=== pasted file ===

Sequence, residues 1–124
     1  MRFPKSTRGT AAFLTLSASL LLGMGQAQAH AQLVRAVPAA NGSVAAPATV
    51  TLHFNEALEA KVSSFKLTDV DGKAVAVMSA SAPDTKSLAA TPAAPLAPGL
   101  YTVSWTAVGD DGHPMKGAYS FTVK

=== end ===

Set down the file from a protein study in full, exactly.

Sequence, residues 1–124
     1  MRFPKSTRGT AAFLTLSASL LLGMGQAQAH AQLVRAVPAA NGSVAAPATV
    51  TLHFNEALEA KVSSFKLTDV DGKAVAVMSA SAPDTKSLAA TPAAPLAPGL
   101  YTVSWTAVGD DGHPMKGAYS FTVK